We read a lot of very average reviews on WikiCamps before we got here, but we actually thought the campground was great! It is expensive for just a campsite, but it is a very remote location and that should be taken into account. The bathrooms were clean and the showers were nice and hot, which was amazing after some of those long walks! There are often dingoes running around the campsite, the resort asks that you please don’t feed them.
There is only Optus reception at Kings Canyon Resort, no Telstra at all. There is wifi available at the Thirsty Dingo Bar, although you have to pay for it and it’s extremely expensive. $5 will get you 100MB of data (literally lasted us less than 10 minutes, send your most important messages first), with prices increasing from there. Save yourself the money and take advantage of the free wifi at the Kings Canyon car park, it’s much faster and you can do so much more with your time.
Kings Canyon Resort || Luritja Road, Watarrka National Park || Find out more HERE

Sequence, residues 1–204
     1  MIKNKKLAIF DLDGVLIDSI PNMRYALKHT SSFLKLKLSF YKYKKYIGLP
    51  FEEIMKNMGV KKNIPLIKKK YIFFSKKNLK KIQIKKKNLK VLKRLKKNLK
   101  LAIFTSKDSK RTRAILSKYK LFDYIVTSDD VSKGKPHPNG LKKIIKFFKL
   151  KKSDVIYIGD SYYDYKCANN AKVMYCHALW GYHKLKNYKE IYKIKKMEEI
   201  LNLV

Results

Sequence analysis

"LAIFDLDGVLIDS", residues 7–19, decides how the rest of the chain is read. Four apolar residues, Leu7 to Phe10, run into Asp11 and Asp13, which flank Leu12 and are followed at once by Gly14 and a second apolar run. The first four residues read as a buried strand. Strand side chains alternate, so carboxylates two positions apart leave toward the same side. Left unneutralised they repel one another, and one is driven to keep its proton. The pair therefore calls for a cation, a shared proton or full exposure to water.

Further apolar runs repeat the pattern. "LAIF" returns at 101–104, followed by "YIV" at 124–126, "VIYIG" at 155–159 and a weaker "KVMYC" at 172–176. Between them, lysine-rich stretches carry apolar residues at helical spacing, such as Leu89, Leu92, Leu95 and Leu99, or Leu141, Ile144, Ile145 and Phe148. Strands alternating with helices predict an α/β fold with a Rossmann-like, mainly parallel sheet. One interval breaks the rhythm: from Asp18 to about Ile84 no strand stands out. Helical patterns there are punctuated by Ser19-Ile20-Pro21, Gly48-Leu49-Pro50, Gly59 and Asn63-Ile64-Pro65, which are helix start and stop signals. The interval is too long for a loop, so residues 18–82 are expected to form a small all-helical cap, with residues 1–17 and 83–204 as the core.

Kings Creek Station
You can also stay at the nearby Kings Creek Station, which is a working cattle and camel station that offers camping facilities, accommodation and a range of unique experiences. Unfortunately, Kings Creek Station hadn’t opened yet after their Covid-19 closure when we were visiting so we didn’t get to check it out, but it’s meant to be a great stop in the area.
At Kings Creek Station you can also find a petrol station, a small shop with basic supplies, station tours and helicopter rides. They also offer a “famous” Kings Creek Camel Burger if you’re hungry!
Kings Creek Station || Luritja Road, Petermann || Find out more HERE
Morris Pass (Ginty’s) Lookout
The only free camp in the Kings Canyon region, you can park at Morris Pass Lookout for up to 24 hours and camp here for free. It’s a great free spot, with beautiful views over the outback and Kings Canyon in the distance. There are bins here that have a lid covering them. Make sure you close them after you put your rubbish in, as wildlife will try to get into them and can leave rubbish everywhere.
Explore more of our adventures around the Northern Territory